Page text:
Excavata: 1st supergroup of protists

Estimated Reading Time: 2 Minutes

Welcome to our continuing AP Biology/ General Biology series here on STEM Talks! The purpose of this post is to discuss the supergroup of protists called Excavata. It is important to focus on the traits that distinguish the protists in the particular clades.

Excavates include protists with modified mitochondria and protists with unique flagella. Overall, support for the excavate supergroup is weak, making it one of the more controversial of the five clades. There are three major clades in the Excavata supergroup, which I will go into more detail below.

Diplomonads and Parabasalids

The protists in these two clades lack plastids (implying they are heterotrophic) and have modified mitochondria. Most diplomonads and parabasalids are anaerobic.

Diplomonads have modified mitochondria called mitosomes. Since these organelles lack functional ETC and hence cannot use oxygen in cellular respiration, diplomonads get the energy they need from anaerobic pathways. In addition, diplomonads have two equally sized nuclei and multiple flagella. Recall that a flagellum is an extension of the cytoplasm, consisting of bundles of microtubules covered by the cell’s plasma membrane. Many diplomonads are parasitic.

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A picture of a diplomonad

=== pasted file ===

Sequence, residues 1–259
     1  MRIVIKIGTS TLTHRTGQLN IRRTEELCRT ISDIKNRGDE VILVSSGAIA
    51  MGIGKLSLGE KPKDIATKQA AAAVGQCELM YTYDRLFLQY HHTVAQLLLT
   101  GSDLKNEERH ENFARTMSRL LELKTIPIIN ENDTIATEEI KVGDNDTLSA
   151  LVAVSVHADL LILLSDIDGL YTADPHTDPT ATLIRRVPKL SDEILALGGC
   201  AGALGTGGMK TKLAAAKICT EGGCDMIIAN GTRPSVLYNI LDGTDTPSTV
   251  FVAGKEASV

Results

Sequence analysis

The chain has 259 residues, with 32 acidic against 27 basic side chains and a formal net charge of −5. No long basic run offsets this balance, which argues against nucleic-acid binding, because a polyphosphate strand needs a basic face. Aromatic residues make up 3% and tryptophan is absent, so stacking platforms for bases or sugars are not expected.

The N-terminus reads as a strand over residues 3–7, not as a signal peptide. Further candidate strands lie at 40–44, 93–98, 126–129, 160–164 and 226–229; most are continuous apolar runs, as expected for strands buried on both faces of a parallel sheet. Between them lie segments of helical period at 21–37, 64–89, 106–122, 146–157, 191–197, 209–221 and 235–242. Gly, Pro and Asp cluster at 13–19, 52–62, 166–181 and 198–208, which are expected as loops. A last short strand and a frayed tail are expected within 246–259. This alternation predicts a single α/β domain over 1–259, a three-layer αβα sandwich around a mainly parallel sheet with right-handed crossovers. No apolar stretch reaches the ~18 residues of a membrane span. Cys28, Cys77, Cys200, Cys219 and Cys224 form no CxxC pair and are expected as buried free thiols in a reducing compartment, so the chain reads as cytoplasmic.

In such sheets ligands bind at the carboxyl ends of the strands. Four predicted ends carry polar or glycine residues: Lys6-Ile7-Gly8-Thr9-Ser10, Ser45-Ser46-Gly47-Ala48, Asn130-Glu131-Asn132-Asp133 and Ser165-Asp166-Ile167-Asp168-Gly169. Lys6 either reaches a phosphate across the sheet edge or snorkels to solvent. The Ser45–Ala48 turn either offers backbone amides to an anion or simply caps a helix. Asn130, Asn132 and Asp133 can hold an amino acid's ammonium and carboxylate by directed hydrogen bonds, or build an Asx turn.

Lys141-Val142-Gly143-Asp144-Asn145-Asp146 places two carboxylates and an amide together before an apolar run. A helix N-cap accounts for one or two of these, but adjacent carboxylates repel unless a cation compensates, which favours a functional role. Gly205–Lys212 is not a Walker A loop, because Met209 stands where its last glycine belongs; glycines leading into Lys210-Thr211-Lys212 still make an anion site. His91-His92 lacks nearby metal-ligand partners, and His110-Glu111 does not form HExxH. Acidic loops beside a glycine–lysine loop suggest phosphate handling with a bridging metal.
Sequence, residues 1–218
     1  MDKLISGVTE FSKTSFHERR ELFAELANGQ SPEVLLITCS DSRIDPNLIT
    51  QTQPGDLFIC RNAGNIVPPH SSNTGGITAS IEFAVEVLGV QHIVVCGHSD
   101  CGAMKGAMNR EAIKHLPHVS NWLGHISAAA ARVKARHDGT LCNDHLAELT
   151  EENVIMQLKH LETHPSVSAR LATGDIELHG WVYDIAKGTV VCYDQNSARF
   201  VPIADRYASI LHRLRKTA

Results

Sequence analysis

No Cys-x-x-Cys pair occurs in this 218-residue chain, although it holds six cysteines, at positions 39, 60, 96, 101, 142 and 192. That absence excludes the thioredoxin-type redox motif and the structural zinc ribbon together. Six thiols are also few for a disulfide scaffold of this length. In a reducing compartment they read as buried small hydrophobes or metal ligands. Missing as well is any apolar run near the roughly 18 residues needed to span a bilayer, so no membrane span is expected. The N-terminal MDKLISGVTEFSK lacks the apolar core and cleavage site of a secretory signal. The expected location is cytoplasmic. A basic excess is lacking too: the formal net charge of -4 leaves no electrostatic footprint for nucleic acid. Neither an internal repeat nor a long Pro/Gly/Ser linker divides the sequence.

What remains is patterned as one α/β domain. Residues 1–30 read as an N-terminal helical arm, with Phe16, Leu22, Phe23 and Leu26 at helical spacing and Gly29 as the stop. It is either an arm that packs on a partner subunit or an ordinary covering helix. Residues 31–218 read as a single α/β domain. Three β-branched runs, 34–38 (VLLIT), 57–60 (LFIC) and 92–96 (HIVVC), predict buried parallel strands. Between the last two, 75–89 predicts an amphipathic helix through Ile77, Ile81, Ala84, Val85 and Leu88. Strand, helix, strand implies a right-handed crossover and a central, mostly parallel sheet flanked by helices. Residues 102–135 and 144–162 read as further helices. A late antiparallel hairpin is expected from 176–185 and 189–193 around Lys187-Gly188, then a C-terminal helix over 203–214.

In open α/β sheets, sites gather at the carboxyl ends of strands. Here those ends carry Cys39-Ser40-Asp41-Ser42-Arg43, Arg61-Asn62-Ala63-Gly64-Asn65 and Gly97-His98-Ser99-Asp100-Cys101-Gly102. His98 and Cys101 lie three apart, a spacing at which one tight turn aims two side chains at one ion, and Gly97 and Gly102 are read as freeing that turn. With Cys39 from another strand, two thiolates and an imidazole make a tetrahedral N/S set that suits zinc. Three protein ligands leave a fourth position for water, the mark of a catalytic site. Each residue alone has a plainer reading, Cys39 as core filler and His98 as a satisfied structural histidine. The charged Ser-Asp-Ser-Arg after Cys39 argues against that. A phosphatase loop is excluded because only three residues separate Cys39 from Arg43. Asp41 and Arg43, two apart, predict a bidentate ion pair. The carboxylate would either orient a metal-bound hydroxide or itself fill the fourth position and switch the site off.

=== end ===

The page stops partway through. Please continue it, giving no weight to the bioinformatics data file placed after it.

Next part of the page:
Parabasalids have reduced mitochondria called hydrogenosomes, which generate energy anaerobically and release hydrogen gas as a by-product. Just like diplomonads, most parabasalids are parasitic.

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A picture of a parabasalid

Euglenozoans

Protists that belong to this diverse clade includes predatory heterotrophs, photosynthetic autotrophs, and parasites. The thing that distinguishes euglenozoans is that they have a crystalline rod of unknown function inside their flagella. The two best-studied groups of euglenozoans are kinetoplastids and euglenids.

Kinetoplastids have a single, large mitochondrion that contains an organized mass of DNA called kinetoplast. These protists include species that feed on prokaryotes and also species that parasitize animals, plants and other protists. An example of a kinetoplastid is the Trypanosoma, which caused African Sleeping Sickness.

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Example of a kinetoplastid

Euglenids have a pocket at one end of the cell from which one of two flagella emerge. Euglenids tend to be mixotrophs.

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In the next post, I will discuss the Chromalveolata supergroup. Feel free to leave any question down below in the comments!

-Tahmid Islam

Co-founder and Editor of StemTalksNC

Credits:

Euglena picture: http://vsprotista.weebly.com/euglenids.html

Kinetoplastid picture: https://www.tulane.edu/~wiser/protozoology/notes/kinet.html

Diplomonad picture: https://www.78stepshealth.us/plasma-membrane/diplomonads-and-parabasalids.html

Parabasalid picture: https://microbewiki.kenyon.edu/index.php/Parabasalia

In all my posts, I follow multiple sources for AP Biology. However, I mainly go off of the Campbell Biology 8th and 11th edition.

 

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